In the state of Georgia under Joshua’s Law, 30 hours of drivers education is one of the requirements for a 16-year-old to get a driver’s license. With Coronavirus affecting the entire world this past year, the drivers ed curriculum has also been impacted. Before the pandemic took its toll, drivers ed was only available for in-person lessons, but now drivers ed can be accessed online by anyone for a small fee of $98.
To be eligible for online drivers ed, you must have a Georgia class CP instructional permit admitted by the Department of Drivers Services. Anyone can take the course online from the comfort of their home as long as they pay for the fee to DDS, Nathan’s Driving School, or Drive Smart.
While this alternative form of instruction resulted from restrictions and challenges posed by the pandemic, I think the change should be permanent and drivers ed should only be offered online instead of in person. Even though the opportunity for in-person interaction is limited, I believe online drivers ed is way more effective now than it was when the classes were face-to-face.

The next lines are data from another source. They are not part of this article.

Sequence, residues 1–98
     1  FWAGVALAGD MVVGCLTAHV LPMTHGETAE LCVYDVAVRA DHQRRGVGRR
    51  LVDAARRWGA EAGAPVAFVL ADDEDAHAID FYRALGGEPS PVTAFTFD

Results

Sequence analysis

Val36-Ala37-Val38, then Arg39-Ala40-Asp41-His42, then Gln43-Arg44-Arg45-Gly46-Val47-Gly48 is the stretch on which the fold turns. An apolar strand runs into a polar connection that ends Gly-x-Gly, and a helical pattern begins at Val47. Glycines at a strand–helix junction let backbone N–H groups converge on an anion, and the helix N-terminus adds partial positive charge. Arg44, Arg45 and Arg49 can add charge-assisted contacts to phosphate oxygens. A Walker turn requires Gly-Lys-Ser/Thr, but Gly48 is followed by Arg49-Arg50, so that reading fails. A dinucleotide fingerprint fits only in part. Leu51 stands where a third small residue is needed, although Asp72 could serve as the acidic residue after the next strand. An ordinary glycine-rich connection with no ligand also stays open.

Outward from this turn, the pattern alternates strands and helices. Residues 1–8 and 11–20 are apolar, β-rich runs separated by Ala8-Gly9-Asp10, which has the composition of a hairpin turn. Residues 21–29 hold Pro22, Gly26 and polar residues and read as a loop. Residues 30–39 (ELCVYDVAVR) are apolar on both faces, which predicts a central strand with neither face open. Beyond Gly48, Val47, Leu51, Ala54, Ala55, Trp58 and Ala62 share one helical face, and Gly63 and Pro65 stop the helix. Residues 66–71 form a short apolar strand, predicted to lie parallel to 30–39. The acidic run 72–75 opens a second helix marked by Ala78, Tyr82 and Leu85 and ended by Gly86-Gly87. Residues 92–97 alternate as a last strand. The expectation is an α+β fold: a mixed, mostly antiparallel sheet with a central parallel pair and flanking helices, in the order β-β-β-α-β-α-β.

Online drivers ed features the complete in-person course online, which includes 30 hours of instructional videos read aloud to the student. The program requires nine units with tests at the end of each unit and quizzes distributed throughout your progression of the material. At the end of the curriculum, each driver has to pass the drivers ed final, which is an exam composed of all the information learned in each unit.
The first reason online drivers ed is more effective is that you can retake quizzes and tests, an option you don’t have with in-person learning. This opportunity really lets you analyze the information more, making you more likely to understand and learn the concepts of driving.
When you have completed your course and successfully passed all tests and quizzes, an official certificate is emailed to you. This way of receiving a certificate is super handy because you can easily print it out and bring it with you to the DDS in order to take your road test.
Convenience is another advantage to taking online drivers ed. While trying to keep up with things like school, sports, and maintaining health, most people don’t have time to attend an in-person class for a total of 30 hours. With online classes, I can participate in my class course whenever and wherever I can.
For example, I was able to get my full course completed within three weeks of starting it. I worked on drivers ed when I had free time at school or when I was in the car traveling to volleyball tournaments. If I had taken in-person classes, I would not have been able to learn the material the lessons while at school or traveling.
If drivers ed is made completely virtual, teenagers will be able to work at their own pace while taking the course, more likely to absorb the material, and able to maintain and balance a healthy social life. This is one positive impact of the pandemic that should remain permanent.